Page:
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Gramercy 'inoteca

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I'm sure this has been discussed to death, but I searched and couldn't find anything about it so here goes. Went by this place on a sleepy Sunday evening and was pretty astonished to see how packed it was. I guess it fills a niche (affordable, upscale, casual fine dining?) in Murray Hill/Gramercy that needs to be filled. So, dazzled by their business acumen, I sat in the bar area and ordered some food and some wine. More fool me.

I guess I'm an idiot but I really dislike two things in a restaurant: a menu in another language for no good reason, and a wine list that doesn't tell you anything about the wine. In some places, no problem. But if you're owned and operated by people who speak English as a first language, what reason other than being completely pretentious is there for having large chunks of your menu in Italian? Seriously, "Liquori" or, even better, "Liquori Bar Favorit?" Hey look, ma! These people speaks Eye-talian! They must be them there fancy pants!

At some places, if the wine list is hardcore, then fine. Don't tell me anything, just list the name of the wine and the vintage and the price and I'm a tacky yahoo if I don't know exactly what that is. But in a place like this, would it kill them to have maybe 4 - 5 words giving you an idea of what you're ordering? Especially when the wait staff is harried and doesn't have the time to play, "Which wine would I like?"

So 'inoteca and I were already starting off on the wrong foot, but that's okay. I've had dates start off way worse and turn out to be near-religious experiences. But to me, what was unforgiveable, was how cheap and sloppy the food was.

Insalata Di Calamari Grigliata - calamari salad. From a bag. I swear I've rarely had a more tasteless salad. It was as if they ordered up a big bag of calamari from Sysco and poured it out on the greens, which weren't much better. And hey! Why not some chickpeas, too? They do it that way in Italia! Except maybe they put a little care into the preparation so it's not just some chickpeas rolling around on the plate like something you made in college. The only flavor on this plate was from the dressing.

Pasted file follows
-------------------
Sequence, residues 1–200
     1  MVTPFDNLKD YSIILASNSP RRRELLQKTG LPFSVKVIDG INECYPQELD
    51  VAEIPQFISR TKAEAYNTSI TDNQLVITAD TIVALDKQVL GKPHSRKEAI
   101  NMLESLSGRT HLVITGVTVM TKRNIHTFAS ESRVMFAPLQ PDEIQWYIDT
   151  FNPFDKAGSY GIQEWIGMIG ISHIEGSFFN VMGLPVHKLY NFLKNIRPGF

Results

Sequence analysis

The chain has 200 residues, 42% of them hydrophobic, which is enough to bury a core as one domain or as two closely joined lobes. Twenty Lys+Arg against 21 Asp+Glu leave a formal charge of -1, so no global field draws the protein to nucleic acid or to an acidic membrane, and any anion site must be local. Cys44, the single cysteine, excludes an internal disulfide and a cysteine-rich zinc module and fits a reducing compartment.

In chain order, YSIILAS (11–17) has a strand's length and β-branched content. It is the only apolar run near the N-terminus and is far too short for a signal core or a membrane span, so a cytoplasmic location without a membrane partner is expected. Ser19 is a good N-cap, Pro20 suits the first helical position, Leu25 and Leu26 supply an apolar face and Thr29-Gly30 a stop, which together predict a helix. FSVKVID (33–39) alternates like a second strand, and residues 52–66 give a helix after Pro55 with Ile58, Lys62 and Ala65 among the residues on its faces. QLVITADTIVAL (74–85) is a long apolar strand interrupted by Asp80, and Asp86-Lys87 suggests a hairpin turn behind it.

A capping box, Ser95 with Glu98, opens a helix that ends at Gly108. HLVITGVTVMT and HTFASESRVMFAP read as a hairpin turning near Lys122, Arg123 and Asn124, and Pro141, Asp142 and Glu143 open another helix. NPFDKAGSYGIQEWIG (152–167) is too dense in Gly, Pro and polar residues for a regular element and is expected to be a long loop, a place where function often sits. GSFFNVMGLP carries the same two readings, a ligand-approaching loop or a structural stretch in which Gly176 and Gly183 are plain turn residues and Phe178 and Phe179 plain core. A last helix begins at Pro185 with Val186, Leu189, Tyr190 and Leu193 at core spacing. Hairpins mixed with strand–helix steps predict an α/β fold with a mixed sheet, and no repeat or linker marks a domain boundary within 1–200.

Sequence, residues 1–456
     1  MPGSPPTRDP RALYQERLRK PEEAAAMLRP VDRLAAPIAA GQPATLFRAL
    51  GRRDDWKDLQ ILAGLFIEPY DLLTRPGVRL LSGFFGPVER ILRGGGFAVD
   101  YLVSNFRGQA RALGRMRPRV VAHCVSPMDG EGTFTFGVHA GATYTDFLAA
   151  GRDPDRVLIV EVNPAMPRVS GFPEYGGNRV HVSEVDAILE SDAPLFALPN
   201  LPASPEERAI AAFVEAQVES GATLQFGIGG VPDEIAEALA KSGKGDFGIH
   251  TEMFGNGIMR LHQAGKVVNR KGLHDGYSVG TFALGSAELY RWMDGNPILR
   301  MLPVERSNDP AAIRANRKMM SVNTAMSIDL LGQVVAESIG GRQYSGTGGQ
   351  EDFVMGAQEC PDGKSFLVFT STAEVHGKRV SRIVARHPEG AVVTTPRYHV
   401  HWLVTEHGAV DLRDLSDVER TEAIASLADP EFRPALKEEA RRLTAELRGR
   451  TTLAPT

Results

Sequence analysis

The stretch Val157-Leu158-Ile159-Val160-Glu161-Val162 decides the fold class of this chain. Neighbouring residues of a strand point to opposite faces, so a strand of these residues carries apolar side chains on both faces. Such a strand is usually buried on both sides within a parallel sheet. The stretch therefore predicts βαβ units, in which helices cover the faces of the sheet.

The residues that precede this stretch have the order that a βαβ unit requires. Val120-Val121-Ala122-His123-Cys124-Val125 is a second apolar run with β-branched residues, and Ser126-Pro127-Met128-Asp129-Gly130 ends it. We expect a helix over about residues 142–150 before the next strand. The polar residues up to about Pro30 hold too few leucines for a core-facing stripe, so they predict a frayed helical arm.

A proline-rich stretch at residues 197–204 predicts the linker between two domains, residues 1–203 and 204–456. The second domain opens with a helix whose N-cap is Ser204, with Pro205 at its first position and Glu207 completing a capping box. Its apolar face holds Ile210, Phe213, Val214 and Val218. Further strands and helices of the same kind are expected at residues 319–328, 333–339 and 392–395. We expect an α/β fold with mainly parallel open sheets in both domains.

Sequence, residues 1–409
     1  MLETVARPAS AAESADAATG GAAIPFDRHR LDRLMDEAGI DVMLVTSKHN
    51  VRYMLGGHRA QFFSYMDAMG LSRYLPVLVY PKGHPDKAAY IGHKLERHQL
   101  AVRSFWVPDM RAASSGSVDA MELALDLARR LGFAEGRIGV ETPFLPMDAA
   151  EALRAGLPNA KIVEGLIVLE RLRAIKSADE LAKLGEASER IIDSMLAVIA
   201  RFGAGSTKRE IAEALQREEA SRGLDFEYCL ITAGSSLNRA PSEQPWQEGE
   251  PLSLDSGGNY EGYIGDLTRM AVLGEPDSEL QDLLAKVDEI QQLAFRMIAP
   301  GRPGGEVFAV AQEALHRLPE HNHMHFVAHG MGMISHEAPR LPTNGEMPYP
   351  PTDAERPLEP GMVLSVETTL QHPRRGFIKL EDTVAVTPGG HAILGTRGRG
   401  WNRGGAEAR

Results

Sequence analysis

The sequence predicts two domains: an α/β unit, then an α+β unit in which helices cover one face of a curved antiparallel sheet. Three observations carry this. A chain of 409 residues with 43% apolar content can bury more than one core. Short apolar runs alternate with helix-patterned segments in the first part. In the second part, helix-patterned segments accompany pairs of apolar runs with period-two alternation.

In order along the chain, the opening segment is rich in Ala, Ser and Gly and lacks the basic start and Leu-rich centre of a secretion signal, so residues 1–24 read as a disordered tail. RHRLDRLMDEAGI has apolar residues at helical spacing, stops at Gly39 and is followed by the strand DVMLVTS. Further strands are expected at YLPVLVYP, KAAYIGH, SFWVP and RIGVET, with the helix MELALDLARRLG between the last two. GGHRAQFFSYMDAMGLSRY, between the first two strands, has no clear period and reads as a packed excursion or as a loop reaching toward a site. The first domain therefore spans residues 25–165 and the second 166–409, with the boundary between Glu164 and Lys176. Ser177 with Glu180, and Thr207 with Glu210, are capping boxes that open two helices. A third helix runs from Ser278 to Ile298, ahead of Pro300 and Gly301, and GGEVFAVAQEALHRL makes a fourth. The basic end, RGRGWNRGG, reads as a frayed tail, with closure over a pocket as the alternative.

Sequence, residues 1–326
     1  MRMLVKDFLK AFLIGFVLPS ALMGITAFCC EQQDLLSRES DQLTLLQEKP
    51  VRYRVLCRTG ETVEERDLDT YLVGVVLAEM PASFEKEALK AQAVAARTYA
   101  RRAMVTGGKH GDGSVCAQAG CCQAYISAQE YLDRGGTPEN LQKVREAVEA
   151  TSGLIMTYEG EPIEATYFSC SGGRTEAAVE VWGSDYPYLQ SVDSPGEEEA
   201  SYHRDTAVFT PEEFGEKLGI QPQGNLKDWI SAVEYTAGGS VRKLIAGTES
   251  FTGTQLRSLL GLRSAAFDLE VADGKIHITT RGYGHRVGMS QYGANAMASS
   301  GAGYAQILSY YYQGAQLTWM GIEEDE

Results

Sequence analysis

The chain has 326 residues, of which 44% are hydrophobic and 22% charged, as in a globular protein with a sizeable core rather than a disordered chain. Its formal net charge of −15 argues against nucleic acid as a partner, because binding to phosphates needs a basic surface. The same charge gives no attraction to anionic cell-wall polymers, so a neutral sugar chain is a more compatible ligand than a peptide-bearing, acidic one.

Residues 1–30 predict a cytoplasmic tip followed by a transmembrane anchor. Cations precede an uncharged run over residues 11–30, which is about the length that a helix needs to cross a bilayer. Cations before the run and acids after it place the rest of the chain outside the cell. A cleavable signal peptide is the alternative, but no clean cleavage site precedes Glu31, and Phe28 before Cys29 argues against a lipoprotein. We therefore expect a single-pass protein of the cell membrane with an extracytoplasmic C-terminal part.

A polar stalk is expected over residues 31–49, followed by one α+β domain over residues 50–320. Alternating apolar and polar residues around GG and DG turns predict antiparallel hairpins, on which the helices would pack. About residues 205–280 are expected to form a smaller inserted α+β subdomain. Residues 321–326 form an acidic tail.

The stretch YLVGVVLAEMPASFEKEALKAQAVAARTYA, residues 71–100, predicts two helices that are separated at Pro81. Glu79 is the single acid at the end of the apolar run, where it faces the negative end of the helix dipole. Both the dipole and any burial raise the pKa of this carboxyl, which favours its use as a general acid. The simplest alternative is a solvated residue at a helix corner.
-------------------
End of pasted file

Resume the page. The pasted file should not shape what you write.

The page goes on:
Olives - here's a big bowl of olives. Very big. Big enough for 12 people. I hate wasting food so I ate the olives. And I ate the olives. And I ate the olives some more and there were still olives in there laughing at me, daring me to eat more of them. I gave up. They weren't that good in the first place.

Truffle Egg Toast - not sure what the fancy word for this is, but it's something of a signature appetizer here. I can see why. It's plated really nicely and looks dramatic. Unfortunately, the bread it was on was beyond stale, and had been toasted then left out until it was rock hard. Almost too hard to cut. But fine, maybe I just don't appreciate good toast. What was the downfall of this dish was that it was doused in truffle oil. In fact, I felt a bit insulted. Do they really think that diners are such rubes that dropping a tablespoon of truffle oil on a dish is going to blow us away. "Tee-ruffles! That's fancy food! Four stars!" If there was any complexity or other taste to the dish, awesome. But none. So not awesome.

I've been to pretentious restaurants that were good, and I've been to places like Stanton where the food isn't very ambitious but it usually does what it says it's going to do. But places like the Gramercy 'inoteca offend me on a basic level. It's food made to appear good, but in reality it's downright institutional. Minimum care, minimum creativity and minimum execution. When someone puts a plate down in front of me that no one has thought about I just see red. If they can't be bothered to think about it why should I be bothered to pay for it?

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  1. "I'm sure this has been discussed to death, but I searched and couldn't find anything about it so here goes."

    Maybe not "discussed to death," but a quick search easily found this thread: http://chowhound.chow.com/topics/618932

    4 Replies
    1. re: RGR

      Okay, see, this frustrates me. I did a search on 'inoteca, inoteca and then on inotecca in case there was a spelling issue and all it pulled up were two posts about whether or not inoteca would call your cell phone if you were waiting on line and whether stanton social club or inoteca was better for a group. How am I misusing the search function? I even went to Google and did a Chowhound site search for inoteca and came up with the same. Is it me?

      1. re: LES_Crawler

        I typed "'inoteca Gramercy" in the search line on *this* board, and the thread I linked to was the third one listed. Out of curiosity, I just tried searching using only "'inoteca," and that thread is listed. However, it's further down the list (#9), and in order to find it, I had to scroll down. I haven't a clue why your search produced only the threads you mention because none of them came up in the search I just did.

        1. re: RGR